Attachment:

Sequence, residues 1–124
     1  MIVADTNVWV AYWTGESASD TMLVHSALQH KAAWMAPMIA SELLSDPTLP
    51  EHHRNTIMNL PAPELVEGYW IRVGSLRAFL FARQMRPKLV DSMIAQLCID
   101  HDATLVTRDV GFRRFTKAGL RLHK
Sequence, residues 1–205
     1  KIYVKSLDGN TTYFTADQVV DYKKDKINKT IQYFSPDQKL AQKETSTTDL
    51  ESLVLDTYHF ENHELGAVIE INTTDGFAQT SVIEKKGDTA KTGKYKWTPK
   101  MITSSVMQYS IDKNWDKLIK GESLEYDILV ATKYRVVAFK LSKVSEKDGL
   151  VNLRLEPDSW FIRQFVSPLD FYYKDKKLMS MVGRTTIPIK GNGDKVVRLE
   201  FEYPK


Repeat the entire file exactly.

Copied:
Sequence, residues 1–124
     1  MIVADTNVWV AYWTGESASD TMLVHSALQH KAAWMAPMIA SELLSDPTLP
    51  EHHRNTIMNL PAPELVEGYW IRVGSLRAFL FARQMRPKLV DSMIAQLCID
   101  HDATLVTRDV GFRRFTKAGL RLHK
Sequence, residues 1–205
     1  KIYVKSLDGN TTYFTADQVV DYKKDKINKT IQYFSPDQKL AQKETSTTDL
    51  ESLVLDTYHF ENHELGAVIE INTTDGFAQT SVIEKKGDTA KTGKYKWTPK
   101  MITSSVMQYS IDKNWDKLIK GESLEYDILV ATKYRVVAFK LSKVSEKDGL
   151  VNLRLEPDSW FIRQFVSPLD FYYKDKKLMS MVGRTTIPIK GNGDKVVRLE
   201  FEYPK